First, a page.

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Adobe CEO: Microsoft partnership will automate sales, marketing with AI

  • Adobe Systems CEO Shantanu Narayen said his company's partnership with Microsoft will spur innovation in the sales and marketing fields.
  • The CEO told "Mad Money" host Jim Cramer that enabling people to create and businesses to transform have been Adobe's primary goals — and tailwinds.
  • Narayen also touched on job creation and Adobe's role in White House technology council meetings.

Adobe Systems Chairman, President and CEO Shantanu Narayen sees a bright — and much more streamlined — future when it comes to his company's partnership with fellow tech titan Microsoft.

"I think both companies share this common vision of being able to help businesses transform," Narayen told "Mad Money" host Jim Cramer on Wednesday. "When you think about what we can do with the combination of what they've done with Dynamics and what we have done with the Experience cloud and the Marketing cloud, together we can go in and automate both sales and marketing with artificial intelligence."

Artificial intelligence has quickly become a centerpiece of Adobe's business as the design software company incorporates machine learning into products like the Adobe Sensei.

"The volume of data that we are tracking and enabling people to understand and infer things from ... that will help a creator be a better creator. That will help a marketer be a better marketer," Narayen said.

Watch the full segment here:

For example, Adobe's Experience Cloud, which helps brands manage customer interactions and advertising, processes 100 trillion transactions every year.

Narayen said the data gathered from those transactions will in turn feed into Adobe Sensei, which will do things like transform paper documents into editable digital files, create predictive models, and change expressions in photographs with a few clicks.

"It's a way to really bring creativity to the masses. And it's a way to enable everybody to be a creator," Narayen said. "We partner with great companies like Nvidia who are able to process this in real time, but it's all the magic that's created by our product folks."

All this ties in to what Narayen dubbed Adobe's two tailwinds that helped the software giant deliver better-than-expected earnings on Tuesday: individual creativity and a changing business landscape.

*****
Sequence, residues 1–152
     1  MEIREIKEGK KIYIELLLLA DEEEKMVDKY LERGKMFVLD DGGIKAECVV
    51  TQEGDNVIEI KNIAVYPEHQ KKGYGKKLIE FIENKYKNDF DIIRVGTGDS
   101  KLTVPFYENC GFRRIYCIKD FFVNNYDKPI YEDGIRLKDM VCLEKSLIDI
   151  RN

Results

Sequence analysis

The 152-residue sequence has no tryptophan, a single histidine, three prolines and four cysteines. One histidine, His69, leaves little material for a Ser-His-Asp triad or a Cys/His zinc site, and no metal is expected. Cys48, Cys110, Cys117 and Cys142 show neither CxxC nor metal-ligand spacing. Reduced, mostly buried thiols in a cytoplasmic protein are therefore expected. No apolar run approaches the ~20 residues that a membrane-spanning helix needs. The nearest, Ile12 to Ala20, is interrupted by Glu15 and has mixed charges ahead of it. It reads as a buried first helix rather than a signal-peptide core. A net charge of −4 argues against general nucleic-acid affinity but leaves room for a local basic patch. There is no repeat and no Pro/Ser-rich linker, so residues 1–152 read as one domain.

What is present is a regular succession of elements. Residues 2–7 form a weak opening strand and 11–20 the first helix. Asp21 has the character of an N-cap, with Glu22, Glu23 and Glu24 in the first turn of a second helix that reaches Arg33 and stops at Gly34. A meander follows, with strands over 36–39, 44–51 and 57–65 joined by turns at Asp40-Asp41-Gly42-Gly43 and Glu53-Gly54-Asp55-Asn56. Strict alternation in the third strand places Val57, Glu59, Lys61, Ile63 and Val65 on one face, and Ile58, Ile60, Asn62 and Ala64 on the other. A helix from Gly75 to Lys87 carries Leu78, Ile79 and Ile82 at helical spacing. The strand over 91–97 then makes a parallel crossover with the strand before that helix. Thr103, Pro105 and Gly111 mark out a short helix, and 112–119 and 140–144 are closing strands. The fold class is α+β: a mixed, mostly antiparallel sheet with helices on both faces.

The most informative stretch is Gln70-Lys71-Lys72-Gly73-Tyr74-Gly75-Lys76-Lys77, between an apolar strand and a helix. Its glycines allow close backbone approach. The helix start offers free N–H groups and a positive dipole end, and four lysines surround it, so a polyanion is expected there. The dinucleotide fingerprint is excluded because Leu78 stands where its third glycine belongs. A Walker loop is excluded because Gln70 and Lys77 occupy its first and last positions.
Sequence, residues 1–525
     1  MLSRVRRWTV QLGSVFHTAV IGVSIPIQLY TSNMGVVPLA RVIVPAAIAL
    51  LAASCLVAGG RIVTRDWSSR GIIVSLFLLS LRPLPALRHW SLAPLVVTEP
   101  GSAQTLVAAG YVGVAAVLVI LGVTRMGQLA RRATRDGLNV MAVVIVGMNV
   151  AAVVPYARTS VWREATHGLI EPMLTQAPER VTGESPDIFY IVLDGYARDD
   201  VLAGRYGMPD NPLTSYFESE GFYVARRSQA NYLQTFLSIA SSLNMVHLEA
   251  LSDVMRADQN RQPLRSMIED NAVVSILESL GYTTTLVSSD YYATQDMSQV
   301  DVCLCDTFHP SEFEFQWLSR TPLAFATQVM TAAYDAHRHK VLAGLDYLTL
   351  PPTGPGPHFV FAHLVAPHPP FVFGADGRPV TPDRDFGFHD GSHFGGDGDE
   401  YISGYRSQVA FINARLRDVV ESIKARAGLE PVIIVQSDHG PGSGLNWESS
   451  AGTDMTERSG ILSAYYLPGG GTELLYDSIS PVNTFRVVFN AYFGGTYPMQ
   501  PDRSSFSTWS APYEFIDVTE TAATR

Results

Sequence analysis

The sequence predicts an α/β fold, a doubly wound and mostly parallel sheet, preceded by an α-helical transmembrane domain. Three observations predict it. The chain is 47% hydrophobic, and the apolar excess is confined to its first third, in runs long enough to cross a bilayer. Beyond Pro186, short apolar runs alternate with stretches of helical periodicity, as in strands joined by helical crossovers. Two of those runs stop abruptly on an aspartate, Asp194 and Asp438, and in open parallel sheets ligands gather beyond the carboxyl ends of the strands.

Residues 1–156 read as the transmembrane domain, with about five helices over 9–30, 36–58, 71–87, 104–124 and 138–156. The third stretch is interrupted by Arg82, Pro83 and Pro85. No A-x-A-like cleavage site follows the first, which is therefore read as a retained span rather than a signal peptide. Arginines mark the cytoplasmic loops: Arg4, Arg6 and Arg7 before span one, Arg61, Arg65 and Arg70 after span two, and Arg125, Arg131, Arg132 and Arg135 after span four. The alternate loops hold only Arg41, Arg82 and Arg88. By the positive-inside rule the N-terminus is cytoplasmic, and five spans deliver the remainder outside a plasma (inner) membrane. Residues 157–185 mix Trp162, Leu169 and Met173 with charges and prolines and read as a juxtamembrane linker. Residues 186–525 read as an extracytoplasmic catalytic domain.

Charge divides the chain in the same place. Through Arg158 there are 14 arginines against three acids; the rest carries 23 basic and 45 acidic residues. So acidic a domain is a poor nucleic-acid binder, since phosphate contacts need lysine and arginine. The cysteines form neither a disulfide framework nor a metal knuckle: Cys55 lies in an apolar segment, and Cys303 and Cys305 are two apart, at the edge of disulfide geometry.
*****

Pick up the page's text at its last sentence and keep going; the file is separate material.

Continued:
"People want to create and businesses want to transform, and we are mission-critical to both of them. We are driving tremendous innovation and executing," Narayen said.

And whether that execution is proven by 49 percent growth in Adobe's Premiere Pro video editing platform or an 86 percent jump in recurring revenues, Narayen said knowing what creators want is the key to Adobe's success.

"I think using the right lens and unleashing innovation on our product development, that's how we do it," the CEO said. "If you're a creative professional, we're just as mission-critical as a Bloomberg terminal might be for somebody in the financial community. And on the enterprise side, when small and medium businesses want to create an online digital presence, and they want to have commerce as part of their future, they use us to enable themselves to have this online presence."

When Cramer asked whether Narayen communicated these sentiments to President Donald Trump at Monday's technology council meeting at the White House, the CEO responded diplomatically.

"Design and aesthetics have never been more important, and I think as it relates to modernizing government, all businesses are transforming so that the customer experience is front and center. There's no reason why the government shouldn't do exactly the same," Narayen said.

The Adobe chief added that when it came to the meeting's central topics, modernizing the government and enhancing the skills of the U.S. workforce, he emphasized STEAM over STEM, the well known acronym for the sciences, technology, engineering and mathematics, adding arts to the mix as an equally important skill set to master.

With regards to job creation, Narayen issued somewhat of a warning to the country's leaders, urging them to remain focused on the matter.

"If you're not careful, I think it impacts the competitiveness of our country vis-à-vis some of these other countries," the CEO said.

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